Speaking of parking, the vast areas of asphalt shown in the article’s aerial photo could be put to much better use. Build it up higher and cover it with solar PV panels and charge real cost to park there. Maybe squeeze in a boutique coaster themed hotel over the parking and under the panels, too.
The paltry $70,000 traffic mitigation fund requirement is at least an order of magnitude off from what would be necessary to actually alleviate traffic. How about providing beach and park access via real transit to and from inland communities, especially those that are classified as “disadvantaged” and “communities of concern” by federal, state and regional agencies.
I hope Middle Class Taxpayers Assoc.and others will outline some stronger lease points for public benefit. Could probably demonstrate nexus for a climate mitigation and adaptation fund to include more transit service and some heavy duty measures to deal with sea level rising and storm protections.
If they want an option to extend, they need to really pony up on the sea level adaption and infrastructure work that will be necessary for at least the next two generations.
Richard Ross says
The question is how do we replace Lorie Zaph in January 2015 with Ed Harris before she does any more damage to this city like her proposal to break one of our 30 ft height limits along the extension of the trolley line from Old Town to University City?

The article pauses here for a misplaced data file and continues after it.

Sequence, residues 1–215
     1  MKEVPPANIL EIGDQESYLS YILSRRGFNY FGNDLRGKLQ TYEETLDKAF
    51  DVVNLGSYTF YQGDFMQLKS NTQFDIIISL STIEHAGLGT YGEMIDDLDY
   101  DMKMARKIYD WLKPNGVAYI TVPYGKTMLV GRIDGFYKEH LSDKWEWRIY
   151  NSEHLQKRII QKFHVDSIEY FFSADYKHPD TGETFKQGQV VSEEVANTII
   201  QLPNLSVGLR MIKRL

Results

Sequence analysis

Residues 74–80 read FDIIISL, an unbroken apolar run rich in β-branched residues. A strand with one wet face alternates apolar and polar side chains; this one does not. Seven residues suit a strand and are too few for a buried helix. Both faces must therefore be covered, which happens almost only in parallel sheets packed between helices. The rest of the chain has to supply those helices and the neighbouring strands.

So what are you thinking, coup d’etat?
Look, it’s now-mayor Faulconer’s old district and Mr. Harris was appointed by the democratic-majority council. I don’t like Zapf (please note correct spelling) politically either, but she was, ahem, ELECTED. And it’s a four-year term.
That’s how representative democracy works.
Richard Ross says
Yes…Michael-Leonard…. she was elected …but it was in an off year election….which means a lower representative turnout…. Thanks for the correction ….some spell it “Zitz.”
Michael Russell says
I would like to offer the City of San Diego $2/sq.ft./month for Belmont Park, to start the bidding. I will also offer to provide low-cost swimming and surfing lessons to ALL San Diego City children using the facility for the period of the lease (preferably 50 years). This contract is negotiable, but the only thing I’d like in return is the full reinstatement of lifeguard outreach and year-round funding to open the City Pools run by Park & Rec.
The beach is a community resource, it should be available to everyone, and every child in San Diego should be able to swim in the ocean safely by age 10.